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Story Notes for Open Range

Weeknights during prime time on AMC, you can catch Story Notes — real time trivia and facts about your favorite movies! Below is the online version of the Story Notes for Open Range.

Award Notes
One of the stuntmen, Chad Camilleri, was nominated for a Taurus Award for the movie.

Annette Bening was nominated for a 2004 Satellite Award for her role in this movie.

Open Range was honored with a Bronze Wrangler at the 2004 Western Heritage Awards.

Biography Notes
Kevin Costner and Robert Duvall have starred in some of the biggest Westerns of all time including Dances with

Wolves, Lonesome Dove and True Grit.

Robert Duvall worked with cattle as a teenager on his uncle’s ranch.

Open Range‘s composer, Michael Kamen, also scored Die Hard, Lethal Weapon, and X-Men.

Sir Michael Gambon is speaking in his native Irish accent.

It would take a lot to mess with Abraham Benrubi (Mose): he’s 6’7″ and about 300 lbs.

This was the third movie Costner directed. His first, Dances With Wolves, was nominated for 12 Oscars.

The cinematographer for Open Range, James Muro, was hand-picked by director Kevin Costner. Costner took a chance

on Muro after he worked as a cameraman on Dances With Wolves.

Diego Luna (Button) was in three other movies in 2003 including the award-winning Nicotina.

Casting Notes
In addition to starring, Kevin Costner directed and produced the movie.

This was Robert Duvall’s first role in a Western since he played Gus on Lonesome Dove (1989).

Diego Luna took this role two years after his breakout success in Y Tu Mamá También (2001).

Michael Jeter won an Emmy in 1992 for his role on Evening Shade. Costner says he “comes out of the finest tradition of

supporting actors.”

James Russo (Sheriff Poole) appears with Costner in The Postman (1997).

Sir Michael Gambon (Baxter) plays Professor Dumbledore in the last six Harry Potter movies.

Dean McDermott (Doc Barlow) is a Canadian actor who went on to marry Tori Spelling. He got the part because he was the only

actor to audition with a limp.

Annette Bening (Sue) was nominated for an Oscar for American Beauty (1999) four years before this role.

Robert Duvall is the only actor that Kevin Costner had in mind for the role of Boss Spearman. He says if Duvall had turned

down the part, he might not have made the movie at all.

The dog is actually played by two terrier mixes named Goldie and Boomer. They used two dogs so they wouldn’t get too tired

or cold from doing multiple takes.

Herb Kohler is a very successful businessman and friend of Costner.

Tim Koetting (Bartender) plays a deputy in the Western comedy Shanghai Noon (2000).

Peter MacNeill (Mack) is a popular Canadian character actor. He’s best known for his role as a detective on the TV show Queer as Folk (2002-2005).

Cliff Saunders (Ralph) thrilled Costner with a video-taped audition. Even before it was over, Costner says “he got the


Julian Richings played Death on the TV show Supernatural (2005).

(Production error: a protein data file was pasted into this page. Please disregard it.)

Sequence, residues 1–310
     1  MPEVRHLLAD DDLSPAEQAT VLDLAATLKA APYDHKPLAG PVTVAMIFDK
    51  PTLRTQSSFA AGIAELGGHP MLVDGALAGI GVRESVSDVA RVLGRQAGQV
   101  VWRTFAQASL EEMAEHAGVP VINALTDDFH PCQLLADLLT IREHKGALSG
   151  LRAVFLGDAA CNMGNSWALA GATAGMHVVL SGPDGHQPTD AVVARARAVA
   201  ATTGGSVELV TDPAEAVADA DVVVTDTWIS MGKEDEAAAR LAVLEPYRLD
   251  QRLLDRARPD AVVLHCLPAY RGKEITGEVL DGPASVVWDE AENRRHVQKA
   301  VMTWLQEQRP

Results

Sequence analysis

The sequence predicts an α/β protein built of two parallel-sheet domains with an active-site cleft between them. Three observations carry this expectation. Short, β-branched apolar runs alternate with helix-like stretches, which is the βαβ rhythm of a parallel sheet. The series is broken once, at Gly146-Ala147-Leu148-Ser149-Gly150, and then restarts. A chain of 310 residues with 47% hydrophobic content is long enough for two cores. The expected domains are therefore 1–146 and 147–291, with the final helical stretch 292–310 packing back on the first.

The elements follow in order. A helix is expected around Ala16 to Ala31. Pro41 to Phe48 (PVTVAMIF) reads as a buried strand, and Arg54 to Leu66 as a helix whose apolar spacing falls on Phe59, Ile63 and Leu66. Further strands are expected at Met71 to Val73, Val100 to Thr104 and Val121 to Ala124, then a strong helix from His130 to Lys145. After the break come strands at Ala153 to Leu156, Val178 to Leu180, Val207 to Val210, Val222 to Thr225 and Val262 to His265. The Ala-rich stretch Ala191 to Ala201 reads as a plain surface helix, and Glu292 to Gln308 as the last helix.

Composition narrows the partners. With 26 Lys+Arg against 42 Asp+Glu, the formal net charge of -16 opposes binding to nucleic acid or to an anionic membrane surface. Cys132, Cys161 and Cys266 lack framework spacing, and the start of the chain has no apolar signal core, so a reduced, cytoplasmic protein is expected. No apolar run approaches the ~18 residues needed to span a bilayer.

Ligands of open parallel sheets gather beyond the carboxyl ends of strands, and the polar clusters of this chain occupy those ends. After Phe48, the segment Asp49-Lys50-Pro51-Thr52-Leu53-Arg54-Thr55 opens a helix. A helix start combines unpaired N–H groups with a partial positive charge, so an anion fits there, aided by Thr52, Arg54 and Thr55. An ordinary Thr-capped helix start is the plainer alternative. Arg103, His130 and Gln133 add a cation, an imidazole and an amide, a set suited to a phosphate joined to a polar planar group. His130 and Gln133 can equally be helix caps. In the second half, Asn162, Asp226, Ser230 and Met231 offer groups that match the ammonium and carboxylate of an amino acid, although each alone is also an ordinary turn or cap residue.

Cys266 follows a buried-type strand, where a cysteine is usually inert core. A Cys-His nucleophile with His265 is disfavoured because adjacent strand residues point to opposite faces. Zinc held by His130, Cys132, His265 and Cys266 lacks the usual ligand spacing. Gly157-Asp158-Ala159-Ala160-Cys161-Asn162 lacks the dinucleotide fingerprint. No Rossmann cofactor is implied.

Finance Notes
Production spent over one million dollars to build a Canadian town from scratch since Costner didn’t like any of them.

Five dollars might not seem like much, but in 1882 it equaled a whole month’s rent for a house.

Health Note
Typhus is a disease people usually get from lice or rats. It still exists today.

History Notes
Cowboys dug drainage pathways around camp during storms.

Some of the biggest trades in the 1880s were blacksmithing, saddle-making, and construction.

Irish immigrants played an important and mostly forgotten role in settling the American West.

Barbed wire, invented in 1874, basically shut down the open range by fencing in properties. By the turn of the century,

free-grazing was dead.

Federal Marshals are almost as old as the U.S. They were created by the First Congress in 1789.

A typical cowboy breakfast was eggs, sausage, potatoes, and coffee.

Wanted posters weren’t plastered around as much as movies show them. When they were, they were usually directed at law

enforcement instead of citizens.

Cattlemen usually bought herds cheap and sold them for a major profit after driving them north.

It was considered “taboo” for women to hang out in saloons in the Old West.

How-To Note
Make a horse think he’s getting a treat while roping him.

Location Notes
Open Range was shot entirely in Canada, mostly on ranches near Calgary.

Canada offered several pre-existing “Western towns,” but Costner didn’t like any of them.

The town and surrounding areas were all shot on the Stoney Nakoda First Nations Indian Reservation.

The script doesn’t specify where the story takes place, but Costner insisted on finding landscapes where “you couldn’t see a

fence, road, or another person.”

The Rocky Mountains appear in the background in several scenes.

Costner found a location while riding on his horse one day in between filming.

Love Note
Annette Bening is married to Warren Beatty. They met on the set of Bugsy (1991).

Music Note
Even though it’s an American Western, the whole score to Open Range was recorded in Prague by an orchestra that mostly

couldn’t speak English.

Pop-Culture Notes
Yahoo! ranked Open Range as the third best Western movie of the 2000s.

Costner says Michael Jeter reminded him of Western character actors like Walter Brennan and Ward Bond.

IGN, Total Film and Guns & Ammo say the shootout scene is one of the best of all time.

Press Notes
Roger Ebert says that Sue is probably “the first good woman” Charley’s ever known.

USA Today says the shootout was “one of [2003’s] most memorable scenes” in any movie.

USA Today says that Open Range is “an authentic, old-fashioned epic.”

Prop Notes
A Lichtleiter is a German device that uses light and mirrors to look into the body.